One of the core tenets of economic theory is that growing the economy – what is known as GDP, (Gross Domestic Product) – increases human well-being. This seems to be one of those things that “everyone” knows. Far fewer people know and understand what is problematic about this measure. And it appears to me that what is known as the “Threshold Hypothesis” relating GDP and well-being is almost unknown outside of small circles of specialized economists and those who, like me, chanced upon this discovery almost by accident. I want to now take up each of these and expand on it just enough to make their significance clear.
GDP measures the value of all goods and services produced and sold in a country, along with all of its exports to other countries. It is the main indicator used when referring to economic growth: economists and policymakers are generally happy when the economy grows, and concerned when it doesn’t. This is why after September 11th, 2001, George Bush told a stunned population to shop. This is why the issue of consumption is so vitally significant at this point, when the economy partially stopped, and when it is still a question whether and how to revive it.
I learned about the inherent problem of how the GDP is measured in 1995, when I came across the work of Marilyn Waring, a former New Zealand Member of Parliament (at the age of 23). She was the chair of the Public Expenditure Committee and, as the film made about her, Who’s Counting, shows, she began a long quest to understand why national economies were measured the way they were, namely using the GDP (at that time a slightly different version, the GNP). She discovered that, contrary to how any of us measure our personal economic affairs, when measuring national economies, everything that costs money is added, nothing is ever subtracted, and anything that doesn’t cost money is ignored. The result is that an oil spill, disastrous as it is, increases the GDP through the insurance money and through the work of cleaning it up. There is no accounting for loss. For environmental degradation. For impact on communities. At the same time, the most beneficial activities that contribute directly to well-being are not measured at all.
The more I learned of her work, the more troubled I became about using GDP to measure well-being: how can a measure that ignores what we do directly towards well-being, and in which much of what we do that degrades well-being is positively added, be used to measure well-being?
It’s only in the last few years that I learned that, aside from its problematic nature, GDP only correlates with well-being for a while, and then it stops. This is one of Manfred Max-Neef’s discoveries, reported very gently in 1995, in this simple way: “for every society there seems to be a period in which economic growth (as conventionally measured) brings about an improvement in the quality of life, but only up to a point – the threshold point – beyond which, if there is more economic growth, quality of life may begin to deteriorate.”
This simple sentence challenges the fundamental premise on which stand everything all economists and policymakers tell us. We have been told that we must keep the economy growing indefinitely in order to care for all that matters to us. And this appears, clearly, not to be supported by data. The article I quote from above compares GDP with a measure then used for human well-being called “Index of Sustainable Economic Welfare” (ISEW) for the US and several European countries, and finds that for all of them the GDP continued to grow while the ISEW began to drop.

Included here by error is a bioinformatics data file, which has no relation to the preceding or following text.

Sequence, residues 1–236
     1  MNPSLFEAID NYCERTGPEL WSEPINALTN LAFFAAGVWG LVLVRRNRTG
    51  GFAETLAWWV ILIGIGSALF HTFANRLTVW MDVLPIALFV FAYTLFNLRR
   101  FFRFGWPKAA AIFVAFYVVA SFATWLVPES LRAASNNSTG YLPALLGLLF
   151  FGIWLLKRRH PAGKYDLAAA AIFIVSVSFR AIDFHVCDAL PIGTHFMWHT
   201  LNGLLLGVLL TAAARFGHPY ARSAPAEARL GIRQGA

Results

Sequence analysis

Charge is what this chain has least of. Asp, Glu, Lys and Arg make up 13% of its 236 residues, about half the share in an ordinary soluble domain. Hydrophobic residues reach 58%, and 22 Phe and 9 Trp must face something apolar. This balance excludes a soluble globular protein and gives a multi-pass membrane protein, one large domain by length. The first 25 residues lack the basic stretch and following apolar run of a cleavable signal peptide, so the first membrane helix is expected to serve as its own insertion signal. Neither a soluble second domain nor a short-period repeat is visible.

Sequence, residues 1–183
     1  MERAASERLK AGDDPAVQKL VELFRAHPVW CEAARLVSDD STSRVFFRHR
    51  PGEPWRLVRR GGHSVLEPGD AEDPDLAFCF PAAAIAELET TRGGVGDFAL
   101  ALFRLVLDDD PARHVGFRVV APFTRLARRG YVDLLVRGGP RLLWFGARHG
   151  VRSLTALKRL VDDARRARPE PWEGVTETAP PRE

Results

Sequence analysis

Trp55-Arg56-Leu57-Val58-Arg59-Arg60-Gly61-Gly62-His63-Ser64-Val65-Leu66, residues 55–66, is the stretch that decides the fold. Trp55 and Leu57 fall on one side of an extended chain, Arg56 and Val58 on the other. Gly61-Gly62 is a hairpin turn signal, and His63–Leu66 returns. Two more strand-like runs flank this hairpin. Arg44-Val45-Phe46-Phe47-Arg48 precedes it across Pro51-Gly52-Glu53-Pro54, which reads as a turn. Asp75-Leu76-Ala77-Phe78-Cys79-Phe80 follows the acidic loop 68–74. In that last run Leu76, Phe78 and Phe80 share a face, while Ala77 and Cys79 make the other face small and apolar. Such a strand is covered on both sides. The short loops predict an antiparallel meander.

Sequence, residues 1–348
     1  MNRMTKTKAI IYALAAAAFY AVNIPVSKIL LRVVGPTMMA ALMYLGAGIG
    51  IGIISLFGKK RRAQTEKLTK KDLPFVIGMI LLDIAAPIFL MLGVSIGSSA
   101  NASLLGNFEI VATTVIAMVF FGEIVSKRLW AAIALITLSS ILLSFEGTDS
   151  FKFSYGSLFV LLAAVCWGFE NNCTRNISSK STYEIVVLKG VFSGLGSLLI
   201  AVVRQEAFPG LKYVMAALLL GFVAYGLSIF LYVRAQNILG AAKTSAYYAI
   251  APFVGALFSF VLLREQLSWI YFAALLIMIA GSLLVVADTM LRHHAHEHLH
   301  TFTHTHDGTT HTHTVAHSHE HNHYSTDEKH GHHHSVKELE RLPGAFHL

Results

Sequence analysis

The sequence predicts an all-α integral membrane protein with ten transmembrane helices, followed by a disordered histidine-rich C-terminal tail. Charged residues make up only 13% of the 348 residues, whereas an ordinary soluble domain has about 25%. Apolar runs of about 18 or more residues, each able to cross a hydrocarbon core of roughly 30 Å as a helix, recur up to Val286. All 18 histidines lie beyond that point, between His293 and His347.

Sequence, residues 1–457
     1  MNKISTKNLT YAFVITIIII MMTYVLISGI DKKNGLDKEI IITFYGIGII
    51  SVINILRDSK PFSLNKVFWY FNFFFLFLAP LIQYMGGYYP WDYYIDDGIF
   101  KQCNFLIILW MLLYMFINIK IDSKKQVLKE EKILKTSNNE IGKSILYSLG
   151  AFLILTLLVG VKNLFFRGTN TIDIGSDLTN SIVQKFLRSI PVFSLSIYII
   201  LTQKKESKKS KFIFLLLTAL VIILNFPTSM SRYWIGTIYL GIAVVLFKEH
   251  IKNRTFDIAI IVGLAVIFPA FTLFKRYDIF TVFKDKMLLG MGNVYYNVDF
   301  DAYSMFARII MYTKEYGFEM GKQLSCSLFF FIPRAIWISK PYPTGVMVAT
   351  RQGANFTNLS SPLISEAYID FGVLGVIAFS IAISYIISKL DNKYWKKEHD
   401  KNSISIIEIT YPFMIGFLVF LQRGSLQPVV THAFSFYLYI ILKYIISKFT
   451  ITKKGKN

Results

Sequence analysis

When I discovered this, I immediately started searching for other articles by him and about this hypothesis. I found one of each. One by Max-Neef himself, in 2010, condenses in a few pages deep and simple information about the inherent unfixability and danger of the system we currently live in. For purposes of this piece, I quote one paragraph:
“Solutions imply new models that, above all else, begin to accept the limits of the carrying capacity of the Earth. Move from efficiency to sufficiency and well-being. Also necessary is the solution of the present economic imbalances and inequities. Without equity peaceful solutions are not possible. We need to replace the dominant values of greed, competition, and accumulation, for those of solidarity, cooperation, and compassion.” (p. 201)
I plan to come back later both to the question of accepting limits, and to the depth of necessary shifts at the values level and what we can do about those shifts, starting with where we are. For the moment, the most significant element to focus on is this stark reality: in response to the pandemic, a major lockdown happened. As a result, consumption slowed down considerably. Many other things happened, too, resulting in immense suffering as many people lost their income, unemployment is soaring, entire industries collapsed and the working people that make them possible are now without income. And, still, within that: a huge number of us discovered that we can live just fine with reduced consumption. This is being questioned by economists and policymakers who see our capacity to live on less as a problem rather than as part of the solution. Much thinking is going into how to increase consumption again as soon as possible to reboot the economy in its fullness, rather than into how to build on this newfound resilience and freedom from the market.